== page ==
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HEALTH IN MICHIGAN.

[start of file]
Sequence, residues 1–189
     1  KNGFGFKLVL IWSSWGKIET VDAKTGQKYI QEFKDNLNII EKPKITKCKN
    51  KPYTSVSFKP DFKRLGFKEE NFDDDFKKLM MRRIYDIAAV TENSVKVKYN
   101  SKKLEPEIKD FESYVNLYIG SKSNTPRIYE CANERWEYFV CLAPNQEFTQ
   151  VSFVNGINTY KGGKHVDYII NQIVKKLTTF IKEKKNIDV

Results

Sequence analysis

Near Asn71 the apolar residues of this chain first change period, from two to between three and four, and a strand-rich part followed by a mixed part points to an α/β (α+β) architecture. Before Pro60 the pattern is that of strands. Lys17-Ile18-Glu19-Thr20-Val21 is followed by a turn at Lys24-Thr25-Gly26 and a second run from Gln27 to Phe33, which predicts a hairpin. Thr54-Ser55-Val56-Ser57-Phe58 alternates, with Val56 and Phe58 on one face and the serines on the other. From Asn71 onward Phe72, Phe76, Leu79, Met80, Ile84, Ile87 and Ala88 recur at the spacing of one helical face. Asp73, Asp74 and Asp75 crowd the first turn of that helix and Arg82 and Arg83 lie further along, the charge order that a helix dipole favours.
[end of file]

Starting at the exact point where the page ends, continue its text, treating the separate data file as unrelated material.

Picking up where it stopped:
BULLCT1N 7 Report U the State Board of Health, Ljuising, for ilia week ending Novem ber 12, 1881, by lorty-nlne observers of diseases in different parts of the state, show earned ul iicemm us tallow Numoiir and pur cant. t oorTr by whom dUATUT ARB A Of CKltViUII'i ?cfl dlM wi rs uortl Nuiulmr. Per Mill. 1 IUttMTIUkUUl rtVHT . . 2 Rbeumatlss.... . . 48 m 88 7 78 80 88 80 00 61 40 48 89 81 21 18 18 18 11 12 10 10 8 8 8 4 4 2 2 2 2 2 2 2 2 8 Consumption (or ltinns. ' 4 Neuralgia 8 Trp bo-malarial favar .... 81 tt Bronchitis 2 7 Bamittaot tovw 27 x Tonailitafc 25 9 Diphtheria 22 10 Ditrrboaa 21 11 Typhoid few ( eutcrle) .... 19 12 Pneumonia 10 18 lutluenzn 14 14 Krysipelas 9 15 Whooping cough.... 9 18 Cholera morbus 9 17 lanainuiaUon of Bowel.. 7 18 Scarlet favar 8 19 Cholera infantum 0 20 Membranous Croup 0 21 Cerebro-eplual Meningitis. 4 22 Measles 8 28 Puerperal fever 8 24 Inflammation of Brain 8 26 Sore Throat 2 2tf Dyseutery 2 27 PUaryngltls 1 28 Puerperal convulsions 1 28 Diphtheritic Paralysis ... 1 U Blight's Disease 1 20 Metritis 1 29 Continued fever 1 30 Catarrh 1 31 Hemorrhage, Lungs 1 Comparing the week ending Nov. 12 with the preceding week, there has bean a considerable increase in the area of prevalence of diphtheria, and a con siderable decrease in that of diarrhea and remittent fever. Judging from past experience diarrhea has now reached about its least prevalence but remitteat fever may be expected to still further decline during the nextthiee months. Special reports have been received of small-pox at St Joseph, Berrien Co., and in Bingham and Leelenaw townships, Leelanaw County. The disease was brought to St. Joseph from Chicago. In Leelanaw county it be gan with two Indians who contracted it at Traverse City while loading a ves sel with wood. One case ef smallpox at Albion is reported November 20, 1881. Because smallpox may be brought to any locality at any time by g immigrants or travelers, it is prudent for all persons to seek protection by vaccination or revaccination with pure bovine virus. Local boards of health are authorized by law to make provision for free vaccination. Henry B. Baker, Sec'y State Board of Health. Lansino, Mich., Nov. 14, 1881. Nature's Undertakers. How often do we hear the query, "What becomes of all the dead birds!" The seoret of their mysterious disap pearance was but just now half told by the buzz of those brown wings, and the other half is welcome to any one who will take the trouble to follow their lead. This beetle is one of man's in calculable benefactors. It is his mis sion to keep fresh and pure the air we breathe. He is the sexton that takes beneath the mould not only the fallen sparrow, but the mice, the squirrels, and even much larger creatures that die In our woods and fields. Beneath that clump of yarrow I found just what I had expected a small dead bird and the grave-diggers were in the midst of their work. Al ready the rampart of fresh earth was raised around the body, and the cavity was growing deeper with every mo ment, as the busy diggers excavated the turf beneath. Now and then one would emerge on a tour of inspection, even rumaging among the feathers of that silent throat and climbing upon the plumy breast to press down the little body in to the deepening grave. These nature-burials are by no means rare, and where the listless eye fails to .discover them the nostril will often in dicate the way, aid to any one desirous of witnessing the operation, without the trouble of search, it is on ly necessary to place in some conven ient spot of loose earth the carcass of some small animal. The most casual observer could not fail soon to be at tracted by the orange-spotted beetles. Entomologists assert that these insects are attracted by the odor of decay; but from my own humble investigations I have never been able to fully reconcile myself to this theory. If it were the question of odor alone in this dead bird, for instance, it would he difficult to explain the bee-line flight of these humming-beetles, two of which came swiftly toward me even from the direction of the wind, and dropped quickly upon these feathers hidden f rom sight among the grass. Perhaps in such an instance we might imagine that they had been there before, and knew the way; that they had noted this clump of yarrow, maybe: but I have observed the fact before when there was every reason to believe that no such previous visit had been made. I am al was glad of the opportunity to watch these meadow burials. And had you accompanied me on that morn ing walk, you would have looked with interest at those little undertakers seen that feathery body toss and heave with strange mockery of life as the busy sextons worked beneath it, dig ging with their spiked thighs, shoveling out the loose earth with their broad heads, and pulling down the body into the deepened cavity. -Harper's Maga zine. Ijouisiana has offered to the Israel ite Immigration Society of New York city 160 acres of land to each and every family the society may locate in a cer tain part of the State. In response to the offer a committee of ten has been sent to New Orleans to meet the State agent and arranged for the trans fer of a number of families. Upon reptiles the fluid secreted in the head of the toad acts as a power ful irritant. On man it produces no effect beyond a slight local irrita tion. One of the latest applications of electricity is to the working of a forge hammer, much like the steam arrange ment. The English steamers arriving at Boston are crowded with freight, and, according to the Traveler, some of the recent arrivals were unable to take all that was offered. It is only on the re turn voyages that cargoes are short. The Owosso Times. vol. m. AT THE GATE. WILLIAM C. KIOHABDt WhVSL-VT ome 1 f ftt tou1 of aar ; w,jr,ri my airong desire re Dill n.u hi me Darner, in iirrent, I linger. TheneM" look far beyoud,and harvest alow wim sneen u matob the temper of my sickle; Might I but reap thare, my glad seal should KUUW A band untiring; and a heart unnokle. liius plead I. with myself, before the gale wuuuor uHii.auu uaji in cnudiNlt Morrow rtiat while the reatrs work I nniv vnii And watch each fading day till dawns' to morrow. But am I sura that watting; Is not best- When Ood's own angel Is the closed gate'B warueu ; Since streogth, from dull, Involuntary rest HpruiK, in' inwK oi me sou I to nan! en? My waiting days are momenta in bis sight, Who of my tolls and tears the score Is keep uaai No Iosn to him befalls whose will Is rlirht nor Minis mo oiaae me Master stays from reaping;. And it may be the aate is not. bt.wonn my Harvest ana my band: that, round me mwlai ITp-springs where thistles aDd sharp thorns nave been. is grain I needed only faith for knowing ! And at the gate I shall net miss the voice, mat yet may bio me witn tne reapers rather ; Ho. here or there, to wait or work, the cbolo Till rent is heaven be thine, not mine, O Father 1 Wat-h Tow i- A WIFE'S CONFESSION. I did not marry for love. Very few people do; so in this respect 1 am neith er better nor worse than my neighbors. No, I certainly did not marry for love; 1 believe 1 married Mr. Cartwright simply because he asked me. This is how it happened. He was the Rector of Doveton, and we lived at the Manor House, which was about ten minutes' walk from the church and the rectory. We had daily service at Doveton, and I nearly always attended it, and it came to pass that Mr. Cartwright in variably walked home with me. It was a matter of custom now, and I thought nothing of it; it pleased him, and, on the whole, it was rather pleas ant to me also. I must confess, however, I was rath er surprised when, one morning as we got to the avenue which led up to the Manor House, Mr. Cartwright asked me to be his wife. I have never been able to (ind out why I said Yes, but I did; perhaps t was because he was so terribly in earn est that I dared not refuse him; per haps I feared his pale face and his low pleading voice would ever haunt me if I rejected his love; or perhaps it was because he only asked me to marry h'm he did not ask me if I loved him, for I think he guessed I did not; per haps it was all these reasons put to gether; but anyhow I said Yes, and in due time we were married. I ought to have been' very happy, for he was a most devoted husband, but I was not; and though I did not notice it then, I know now that for the first six months after our marriage he was not happy either. It was all my fault, I either would not or could net love him; I accepted all his devotion to me as a matter of course, but I made no effort to return it; and I am sure he had found out that he had made a mistake in marrying a woman who did not love him. One morning, about six months after our marriage, he told me at breakfast that he intended leaving me alone for a few weeks, to stay with his mother, who was not very well. He watched the effect of this announcement on me; but, though I was really displeased, I concealed my annoyance, and asked carelessly when he would start. He replied, the next day if I had no objection, and so it was settled. He was more affectionate than usual that day, and I was colder than ever; I only once alluded to his journey, and that was to ask if I might have my sister Maud to stay while he was gone. The next morning, 1 was anxious to avoid a formal parting, so 1 drove to the station with him; as the train mov ed off, I remembered this was our first parting since our marriage, and I wish ed 1 had not been so cold. When 1 got home, the house looked so dreary and empty, and there was no one to meet me; presently one of the servants came for the shawls, and with her Nero, Mr. Cartwright's retriever, which, when he saw I was alone, set up a howl for his master. 1 patted him, and tried to comfort him, -feeling rebuked by his grief, as he followed me, whining, into the house. Every room seemed empty, and each spoke of the absent master; at last F wandered into his study, where he spent his mornings, and liked me to sit and work; and now I remembered how often I had excused myself, saying I preferred the drawing-room, and this reflection did not mid to my happiness. There was a photograph of me stand ing on his writing-table, and another on the chimney-piece; on the walls hung two or three of my drawings, which he had begged of me when we were engaged; indeed, the room was full of little remembrances of me. 1 opened a book I had given him, and in it was his name in my handwriting, and underneath, in his own, "From my darling wife." I laid it down with a sigh, as I thought how carefully he treasured everything I had given him, and how little care I took of all his gifts to me. Everything I attempted, everything I looked at, reminded me or nig good ness to my, and of my coldness and in gratitude to him. At last I went to bed, where, after working myself into a fever f anxiety lest he should not have reached the end of his journey in safety, I at length cried myself to sleep. The morning I went down to break fast with a heavy heart, for I knew could uot hearlfrom him till the next day; it seemed so strange to breakfast alone, and Nero appeared to think so too, for he was most unhappy, sniffing round his master s chair in the most melancholy manner. My plate, for the first time since my marriage, was empty, as I sat down to breakfast, for my husband, who was a an early riser, always had a little bou quet to greet me with every morning; frequently I forgot all about it, and left it to be put in water by a servant; this morning I would have treasured it most carefully if he had gathered it. After breakfast I determined to rouse myself, and go and visit some poor people in the villiaire, so I filled my basket with some delicacies for the sick, and set out. w nerever i went it was the same story: all held forth on my husband's goodness and kindness, for all had been helped by him in some way or other, and all loved and respected him. As I listened with burning; eheeks.l felt as if I was the only person on earth who had treated him with cruel ingrati tude, and I was the very person whom he most loved and cherished. At last Iwent home, tired and sick at heart; but there was no one to no tice I was pale and worn out, no one to get me wine or soup to revive me. no one to make me lie down and rest as he would have done had he been there. Oh, how I missed him! What a fool I had been! Was there ever woman lov ed and cared for as I had been ? Oh, why had I ever let him leave me? I was sure he would never come back. Why had he gone away f And conscience answered: You drove him; he gave you all he had to give, and in return you gave him nothing but cold looks and unkind words; and so he left you to seek love and sympathy from his mother.' This thought almost maddened me. In fancy I saw her sitting in my place by his side, loving and caressing him, as I had the best right to love and ca ress him; 1 pictured her receiving ten derly the little loving acts 1 had receiv ed so coldly, and now I was seized with a jealous anger against her. I mentally accused her of estranging my husband from me, and of trying to win his love from me, as though his heart was not large euough for both of us. When Maud arrived in the afternoon, I treated her to a long tirade ef abuse against mothers-in-law in general, and my own in particular, and I vented all the anger I rei.lly felt against myself on the innocent Mrs. Cartwright. Why, Nelly,' said Maud, 'I thought you liked Mrs. Cartwright so much, and thought her so nice, that you even wanted her to live with you, only your husband very properly, as mamma says objected.". So I did, I answered; 'but I did not know then she would ever entice my husband away from me in this way, or, of course I should never have liked her." 'Really, Nell, you are very hard on the poor woman; for, as I understand, Mr. Cartwright went to her of his own free will, because she was not well. and he thought his company would do her good, said Maud. Nonsense; I am sure he would never have left me alone, unless she had put him up to it,' I replied, rather crossly. The truth is, Nelly, you are so much in love with your husband that you are jealous even of his mother; and you are making yourseit miseraoie about nothing. Why, Mr. Cartwright will be.back in a fortnight, and I dare say you will get a letter from him ev ery day; so cheer up, and let us go for a drive, said Maud. I agreed to this plan, and giving Maud the reins, I lay back and thought of her words. Was she right after all ? Was I jealous? Was I really, as Maud said, in love with my husband? Had I only found it out now I was deprived of his company t Was this the reason I could donothingbut inwardly reproach myself for my conduct to him? And the longer I thought the more convinc ed I became that Maud was right, that I was jealous, and that I was in love, as she called it. The knowledge did not make me happier, for 1 no sooner knew I loved him than I longed to tell him so, and make up, as far as 1 could, for all my former cruelty; for I conld call my con duct by no milder word. I passed a sleepless night, and as I lay awake I composed various letters of confession, which I resolved to send the following day; but when morning came my pride stepped in, and I began to feel it would be impossible to write, and I settled I must wait till my hus band came home, and then tell him how his absence had altered me. I got up early and walked out to meet the postman, so anxious was I to get a letter from him. It was the first I had ever received from him since our marriage, and no girl was ever so anx ious for, or so pleased with, her first love-letter as I was over this. It was a long letter, full of loving messages and terms of endearment, all of which cut me to the heart, for they sounded like so many reproaches; in reality, I think there was a tone of re proach throughout the letter. He gave me an account of his jour ney and of his mother's health, and begged me to write to him a few lines every day, but he said not a word about returning. I spent the morning in answering it, much to Maud's amusement, who, of course, thought I was pouring out vol umes of love and complaints of my temporary widowhood. After tearing up about a dozen sheets of paper, I at last sent a short note, cool, and with no allusions to my mis ery; the more I tried, the more impossi OWOSSO, MICH., FRIDAY, DECEMBER 2, 1881.0 ble I round it to write any expression oi love or penitence, though l was hungering to do so. For a whole week 1 went on in this way, suffering more acutely every day, every day receiving long, loving letters from Mr. Cartwright, and writing short cold answers. I lost my appetite, 1 could not sleep at night , and the torture I was endur ing made me look so ill that Maud be came frightened,and declared she would write and summon my husband home, and tell him I was pining away for him. I forbade her doing this so sternly that she dared not disobey me; for I de termined he should never hear from any lips but mine that at last his heart's desire was attained, for I loved him. At last, when he had been away ten days, I could bear it no longer, for 1 felt I should have brain-fever if I went on in this way; so I determined to go to Melton, where Mrs. Cartvright lived and see my husband. I came t this decsion one night, and went into Maud's room early in the morning to tell her my intention; I ex pected she would laugh at me, but mink sne guessed something was wrong, for she seemed glad to hear it, and helped me to pack a few things, ana set on in time to eaten the morn ing train. It was theee hours journey; they seemed three years to me, for the near er I got to my husband the more impa tient I was to see him. At last we got to Melton, a largish town. Of course, as I was not expected, there was no one to meet me, so I took a carriage to Mrs. Cartwright s house, where I ar rived about three o'clock. I learnt afterwards that Andrew was with his mother in the little drawing room when I drove up, but thinking I was only a visitor he escaped into an other room; so I found my mother-in law alone. By her side were some of my hus band's socks which she was darning socks which I had handed over to the servants to mend, and which I now longed to snatch away from his mother. His desk stood open, a letter to me, which he was writing, lying on it. The servant announced me as Mrs. Andrews, my voice failing as I gave my name, so t hat Mrs. Cartwright held up her hands in astonishment when she saw who it was. My dear Nelly! Has anything hap pened? How ill you look! What is it?' she exclaimed. I want my husband!' I gasped, sink ing on to a chair, for I thought I should have fallen. Without another word Mrs. Cart wright left the room. I feel sure now si ir guessed all about it, and I can nev er thank her enough for forbearing to worry me with questions as to what I had come for. She came back in a few moments with a glass of wine, which she made me drink off, saying she would send him to me at once if I took it. I com plied, and she went to fetch him, in an other minute I heard his step outside the door, and then he came in. Nelly, my love, my darling! what is it?' he cried, as I rushed into his outstrecln d arms, and hid my face on bis breast, sobbing bitterly. For some moments I could not speak at last I recovered myself enough to sob out: Oh, Andrew, my love my dear love can you ever forgive? I came to ask you and to tell you I can t live without you!' I would have said more, but his kiss es stopped my mouth, and when at length lie let me go, there were other tears on my cheeks besides ray own. That was the happiest hour of my life, in spite of my tears; and before my motner-in-iaw again joined us. which she discreetly avoided doing till dinner-time, I had poured out all I had to tell into my husband's ears; and I had learnt from him that he had left me to try what effect his absence would have on me; for he had felt for some time that my pride was the great barrier he had to overcome to win my love. He had judged right. He was too generous to tell me how much he had suffered from my indifference, but I know it must have grieved him terri bly. He is a different man now, he looks so happy, and I know he would not change places with any one on earth. We went back to the Itectory the next day, but we could not persuade Mrs. Cartwright to come with us; she said we were best alone, and I think she wss right. SomeVery Strong Men. In the year 1371, a man known as " Monsieur Gregoire, " astonished the people ef Europe by his feats of strength. It is said that he was afraid to carry his own baby, for fear he might squeeze it to death without knowing it. Joseph Paspichilli was in the habit ofamusing the Hungarian public by holding a table in the air by his hands and teeth, while a couple of gypsies danced upon it. He and his. brother could bear upon their shoulders a wooden bridge, while two horses drew over it a wagon loaded with stones. si nihil, an Arab, whom Mr. Stanley, the explorer, met, could toss an ordin ary sized man ten feet into the air, and catch him in his descent. He would take a large white Muscat donkey by the ears and, with one jerk, throw the surprised beast upon its back. He once trotted arotmd a house, carrying twelve men. William Joy, who in his day, was known as the "English Samson." could hold a strong horse by the reins though the horse might be lashed ever se furiously, and though Joy stood on the ground. THE FARM. The "pink-eye epidemic, now raging among the horses at Baltimore, Wash ington, Chicago and some other cities is thus described "The animal affect ed llrst shows weakness, declines to take food, the pupils of the eyes be come discolored, the lids in Maine, and the tongue shows evidence of high fe ver, being veiv hot to the touch. In some cases swelling and stiffness of limlis ensues, tins being a serious symptom, and most frequently worse to the hindmost than in the foremost limbs." Grapevines do much better when planted in the Fall. They will not thrive on low wet soil, but succeed best on high dry ground with enough slope to cany off the surplus water. The soil should be enriched by wel rotted manure, bone dust, or some fer tilizer that is not rank and coarse, and should be thoroughly and deeply plowed. Set the vines in rows eight feet apart, the strong growing kinds being planted eight feet apart in the row, and weaker sorts at six feet apart. Make holes about one foot deep and two feet across, having two or three inches of good ricn soil in the bouom of each hole, and spread out the roots carefully in every direction. Put line rich soil around and in among the roots, and till the holo to within two inches of the top. Then place around each vine a shovelful of line, well rot ted manure. Cut back the vine to within two buds, and at the approach of winter mound up the soil over the vine to the height of eight or ten inch es, to protect from freezing and thaw ing In winter. When planting, it is better to set a small stake in the cen ter of the hole before the vine is set than to drive it in the ground after wards. VnicU Returns. The making of quick returns in any kind of business is always a desirable matter where it is a possible thing to carry out this principle in any business enterprise that may be undertaken. In the production of live stock it is desir able to have this kind of principle pre vail to the fullest possible extent. It is very certain no branch of live stock production can be worked on this principle to any better advantage than the raising of hogs can. This is espec ially the case since summer packing has been established at different lead ing points la the country as a regular business. It seems that since the es tablishment of this summer packing business it has never been possible for the packers to command as many bacon hogs as have been wanted. The sum mer packing-houses are all engaged in curing bacon for the different markets, and this has grown to very large pro portions as a branch of our American packing trade. The kind of hogs that is wanted for this large and increasing bacon trade can in a regular way be produced easier, quicker and cheaper than any other kind of livestock in the whole list. An average weight of about 200 lbs, and just middling fat is what the packers want tor the manu facture of bacon. And where proper arrangements are made to carry on the business of swine production iu a sys tematic way, hogs of this kind by the thousand can be got ready for market at 6 or 7 months of age, and when got ready for market they are always quick sale at strong prices aa compared with what heavy and very fat hogs may be selling for. During the summer sea son of each year a large portion of the feed given such hogs may le good clo ver; they should of course have enough corn to give reasonable firmness to the flesh so that they may not be ruled on to the list of 'grassers.' Taking the best breeds of hogs that are now known, and ten months with proper feeding and care makes a good mess pork hog. These want to be a thick, broad-backed hog, and weigh from 300 to 350, and as the case now stands there is not a month in any year but what hogs of either of these two kinds can be sold readily in a dozen different markets in the Western country and what kind of business is there on the whole list that will make quicker re turns or pay better profits than the rais ing of hogs will pay under all these conditions. SLEEP AS A FARM 0B0P. Mn. Editor: We were at. Pastor Spooner's to take tea, last evening, and a new crop cpme for discussion, which may be profitable for some of your readers to cultivate more system atically. The old style teadrink ing, confined to ahout a half-dozen, outside of the family, is the nearest approach to social dissipation allow ed in church circles iu llookertowb. The modern festival, with its buskin pei -tormann s, and other devices of filch money out of reluctant pocket for the support, of the gospel, has not invaded these parts. Mr. Spooner says: "If you want church privileges, pay for them squarely, as you do for your government ami your family ex penses. A thrifty church should be as much ashamed of begging as a thrifty farmer.'1 Dr. Blossom took the lead in the conversation, and when we were seated at the table, re marked: "Sleep, I think, is about the most profitable crop grown n the farm." "How do you make that out," in quired Mr. Spooner. I thought men and women were the glory of our Connecticut farms." "Very true, if they were only finish ed," the doctor said: " but, alas ! a large per cent, of them, especially the women, are broken- down in health, NO. 29. aud mainly for the want of seven or eight hours of sound sleep every night. Bleep m qu te as essential as food to vigorous health, and the bed and its surroundings should receive as careful attention as the tahle. In the oldeu time, when the habits were more simple, the food plainer, the houses better ventilated, aud the de mands of Hocial life much less than now, the women were healthy, and large families were the rule, as they are now the exception. Unwhole some excitements were rare, aud when nightfall came, deep sleep fell upon the household, and it remained un broken uniil the morning. The as pirations of men and women were limited, and there was little outside of the farm to worry about. Farm ing was more of a routine business; there were fewer crops, fewer wants, and less money. Now the city has pushed its iron arms out into the country iu every directiou, and, iu summer, our city cousins invade every rural region, and disturb the dreams of rural people with their boundless display of wealth. Our shore towns are dotted with villas, our harbors with yachts, and little steamers are crowded with pleasure-seekers all through the summer. Farm houses in more retired towns are open to summer borders; splendid turnouts, with gay trappings, whirl along coun try roads; dog-carts and other odd vehicles abound; society is penetrated with foreign elements; picnics, festiv als, chowders, exhibitions of all sorts are in order, six days in the week, and on buaday the old meeting house. with its gay bonnets and bright colore, looks more like a flower garden than a company of devout worshi oners. What average family with Yankee blood in their veins, is going to get seven hours sleep under all these social excitements?" "Well, Doctor," inquired Mrs. Hunker, "the railroads are built ; t ho folks keep coming what, are you going to do ahout it?" "Do the best we can, Mrs. Bunker," ontinued the doctor. "There is so much in society, and iu our artificial habits, that sleep will no longer grow, as a wild plant, and take care of it self. We must cultivate it ns we do corn and potatoes. There is no healt h without sound sleep; and thrift on the farm, as everywhere else, depends largely upon physical vigor. Sleep is a powerful medicine, which helps to cure irritability of temper, peevish ness, uneasiness of any kind, like nervous dyspepsia. It is good lor a broken spirit. We might change the hv,iiu a little, without damage, aud ng, 'Earth has no sorrow that sleep cannot, cure. Sleep, to be perfect, and profound, and restorative, should be so prepared for, that not a single discomfort should interrupt it. We should get ready for it just as we pre pare for a day s work have the tools all ready and every hindrance re moved." "Well, how are you going to get it when it don't come f inquired Mrs. Bunker. "It will come," continued the doc tor, "if you get ready for it, like any other welcomed guest. The sleeping room, if possible, should be in the mo3t quiet part of the house, above the first story, well sunned and venti lated, with as little furniture as pos sible in it consecrated to sleep. Put away your feather beds and comfor tables, as unfriendly aids to sleep, and wood bedsteads and bed cords, with their untimely squeaking. Have solid iiou bedsteads, with sheets and blankets that will take care of the perspiration, or, rather, prevent it, and keep the body at the most com fortable temperature. Kule your own house, aud have a set time tor going to bed, the sooner after nine o'clock the better, when every member of the household shall be ready for the main business of the night, no matter what is going on at the lodge, the hall, the ball, the temperance discussion, or the prayer-meeting," "What is going to become of our duties to Hociety?" inquired Mr. Spooner. "A man's first, duty to society is to take care of his body," responded the doctor. "'Thnn shalt not kill,' is a part of the decalogue, and neither man nor woman owes any duty to so ciety that is not compatible with a sound mind in a sound body. Sleep is the one thing needful, if we would have either. What is a man worth to society with shattered health? Cul tivate sleep and be worth something while you are awake." "I am glad you are so orthodox on sleep," interrupted Deacon Smith. "But I am afraid, doctor, if Hooker town adopted your views, you would soon bo without patients. I have fol lowed your theory tor thirty years, and have hardly had a doctor iu my house. And sleep is just as impor tant for our domestic animals as it is for men iu short, one of the best crops raised on the farm. It has a very important bearing on the pro duction of milk. Any excitement in the herd that disturbs their quiet al ways lessens the flow of milk. My pastures are provided with shade trees, where the cattle can lie down in summer during the day, and at night they are turned iuto the pas ture, where they always have the choice of a dry, clean bed. In the winter they have a bedded stall to sleep in, and after their evening ra tions are given them the barn is kept as quiet as the house. Sheep suffer very much from wautot quiet, but the dog la w has help, d that muit.i verv much in thinning out I he worthless cuiw thai used to chase iheni. f( j qui i poteibJe mm, in the towns win re Um la is inton ed, to ntite mutton, lamb aud wool, aud recujer ate our pastures. In making pork cheaply, a good deal depends upon cleau, dry quarters for the swiue. The common proverb, 'the breed is iu the trough, is only a half truth. The other half is :u the blood and in the sty. The common notion that any place is good enough for swiue is a very expensive heresy. The pig takes a mud bath in summer to keep cool and get rid of vermin, it may be: but give nim a cool, dry place, and plenty of straw, and he will keep himself as clean as any other animal. If well fed he will sleep a large part of the time by day as well as by night. The more sleep you can induce in the sty, the cheaper you can make pork." 1 his tea-table talk at the parsonage has a fair amount of common sense in it A perceptible change has gone over our iNew rMiinami tarms, in the last thirty years, in making provision for the comfort of our domestic ani mals. The old-style accommodations. foddering cattle at the stack-yard, which used to be severely handled in the American AariculturUt iu the early days, though still in existence, has greatly diminished Sleep was a difficult problem on the frozen grouud, with the theiiuometer dowu to zero, and it took at least a third more fod der to keep the auimai in good con dition. As a matter of fact, all stock thus wintered fell off in weight. It deteriorated the stock, while it brutalized the owner. Now the model barn, and such are multiplying quite rapidly, is a tight structure, almost frost-proof, well veutilated, built over a manure cellar, where all the drop pings of the cattle are composed of muck, peat, leaves and straw, aud turned to the best account. There is a large root apartment, or vault, on the stall floor, and roots furnish a part of the daily rations. The stalls are kept well littered; and abundaut rations, comfortable temperature, and quiet, favor sleep. Milk production, in such a barn, is a possibility through out the season, and occasionally a far mer is experimenting in making win ter butter, on the whole, we concede the value of sleep as a farm crop. THE HOUSEHOLD. The ('are of Lace. Valenciennes is the cheapest, end, for many reasons. It is in the made with a round wliole thread. Worn care fully, not (hilly, it can hardly be worn out. It can be washed any number of times; and, not so peculiar as the point or applique laces, the Mechlins, etc., all of which are much more fragile, it gives the soft effect of lace without at tracting too much attention, so as to be recognized easily again. It is a very great mistake to keep laces (particularly Valleneiennes, which is not at all in jured by being washed) for years with out washing. Many women believe that all lace is ruined by washing, and will keep some cherished bits of lace for years and years, turning yellow with age, and rotting with the dust it has accumulated, till it really drops to pieces. Valenciennes does not need a skillful French blanchisseuse to "do it up," as the phrase is. Let the owner wrap a large bottle closely in white flannel, then sew. tightly over the flan nel a piece of cotton. After washing the lace carefully in lukewarm water and soap suds, in which may be dissolv ed a little borax (say a thimbleful of borax to a pint and a half of water), and rinsing the lace several times in clear water till no soap remains in it. wind the lace about the bottle which ou have prepared as above. See that the lace lies quite Hat without wrinkles: open the little loops that form the edge with a pin; stand the bottle in the sun. When the lace is quite dry, so that you may be sure ot its entire cleanliness, you may, it you itesire to give it the yellow appearance of old lace, take a soft handkerchief and dip it in a cup of black coffee, and sop the lace with it as a spouse, try ins to no so very evenly; then let the lace dry. Some people pre fer to rinse the lace in coffee before put ting it upon the bottle, but I have found the method described above bet ter. There are some kinds of old ecclesi astical lace, usually Italian, that in point of endurance are superior to the Valenciennes. Hut these are enormous ly expensive, and unless they may be an heirloom, have no place in a work on economy. Hut some kinds of lace made to-day by ladies fond of fancy work resemble it very much not enough to be mistaken for it at all, but more like it than like any other lace. It is made with a particular kind of tape and with thread on a piece of black or green leather. The amateur usually makes it for furnishing pur poses table-cloths, etc.; but a very line quality of this lace is beautiful for dress trimming. 1 have seen a piece made to cover the front breadth of a dress cut In the princesse fashion, reaching from the throat to the bottom of the dress, and the effect was really very beautiful. The lace can be made in the odd moments that many woman use for crocheting or knitting t hings of less use or lieauty. Lace! The word lace sounds like the "bagatelle" of the wealthy woman ; but although it is not an article to be bought by the severe economist who earns a limited income, yet it may be her very good fortune should she inherit any of it.forit will save her many a pen ny that she wills pend in less enduring fabrics. And one or t wo really good pieces of lace will be a wise invest ment for the economist, who, having a small capital to dress on, can afford to buy from time to time a good and last ing thing. Hi i ryv ' Magazine. A small loy testilied in an Austin justice's court that the affray took plare on a Sunday. 'How do you know it was Sunday?" "Because that day I had to go to the back door of the saloon to get beer instead of the front door."